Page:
Pacers coach Carlisle on DeRozan: 'Hard guy not to foul'

                                                                                                                                                                                                   
  • Chicago Bulls' DeMar DeRozan (11) drives against New York Knicks' Alec Burks (18) during the second half Sunday in Chicago. Chicago won 109-103.

    Chicago Bulls' DeMar DeRozan (11) drives against New York Knicks' Alec Burks (18) during the second half Sunday in Chicago. Chicago won 109-103. Associated Press

 
 
Updated 11/22/2021 9:06 PM

Indiana coach Rick Carlisle pointed out before the game DeMar DeRozan leads the NBA in made free throws with 124 in 17 games. Miami's Jimmy Butler leads in made free throws per game at 7.6, while DeRozan is at 7.3, but Butler has missed a few games with injuries.

Milwaukee's Giannis Antetokounmpo leads the league in free throw attempts per game at 10.4, but he's shooting just 68.7%, compared to DeRozan's 89.2.

 

"He's a great player," Carlisle said. "He's a hard guy not to foul. He seduces you with the pump fakes, getting into the air. It's a huge point of emphasis going into this game, but as always, much easier said than done."

DeRozan and Zach LaVine has been a productive duo in the fourth quarters this season, often with LaVine hitting shots and DeRozan getting to the foul line. DeRozan talked about his new teammate after Sunday's game.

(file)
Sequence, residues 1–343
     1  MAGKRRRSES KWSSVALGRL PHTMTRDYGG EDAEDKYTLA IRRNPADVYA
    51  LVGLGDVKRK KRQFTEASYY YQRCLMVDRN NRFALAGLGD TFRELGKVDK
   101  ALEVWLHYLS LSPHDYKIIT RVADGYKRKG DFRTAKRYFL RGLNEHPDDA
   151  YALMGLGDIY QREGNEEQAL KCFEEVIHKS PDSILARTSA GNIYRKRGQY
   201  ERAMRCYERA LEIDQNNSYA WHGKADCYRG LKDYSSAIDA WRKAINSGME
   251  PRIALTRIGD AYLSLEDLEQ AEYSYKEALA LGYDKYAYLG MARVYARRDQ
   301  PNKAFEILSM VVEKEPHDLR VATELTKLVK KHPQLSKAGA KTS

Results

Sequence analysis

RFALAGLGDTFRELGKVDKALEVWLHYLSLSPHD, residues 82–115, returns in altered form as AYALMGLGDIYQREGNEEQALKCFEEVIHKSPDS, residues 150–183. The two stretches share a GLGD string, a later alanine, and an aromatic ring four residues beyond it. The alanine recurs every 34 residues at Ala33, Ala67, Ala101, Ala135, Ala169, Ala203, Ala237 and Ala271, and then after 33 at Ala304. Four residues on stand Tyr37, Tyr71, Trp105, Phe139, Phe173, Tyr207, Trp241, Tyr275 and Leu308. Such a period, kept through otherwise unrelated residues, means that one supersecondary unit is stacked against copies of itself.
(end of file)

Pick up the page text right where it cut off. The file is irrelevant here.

"I've never played with a player like Zach before," DeRozan said. "The things he's capable of doing offensively is intimidating at times, how easy he can do the things he can do. It's fun. It heightens my level to want to go out there neck and neck with him competing and helping this team win.

"We make it fun with one another. When I played with Kyle (Lowry in Toronto), he taught me a lot. He was older than me. Kind of the roles being reversed, me just trying to teach Zach as much as I've learned being in the league. It's definitely been a fun thing."

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White keeps up fight:

Coby White credited his family for helping him push through the setback of shoulder surgery this summer. In his fourth game back, White finally broke loose, scoring 10 of his 14 points in the fourth quarter of Sunday's win over New York.

"I've been going through stuff my whole life," said White, whose father passed away when he was in high school. "Growing up where I grew up, where I came from. My parents are resilient, my brother's resilient, my sister's just resilient.

"I think my whole family kind of defied the odds of a typical family from Goldsboro, North Carolina, living in a single-wide trailer growing up. So I feel like for me, my whole life I had to fight and I'm going to continue to fight."

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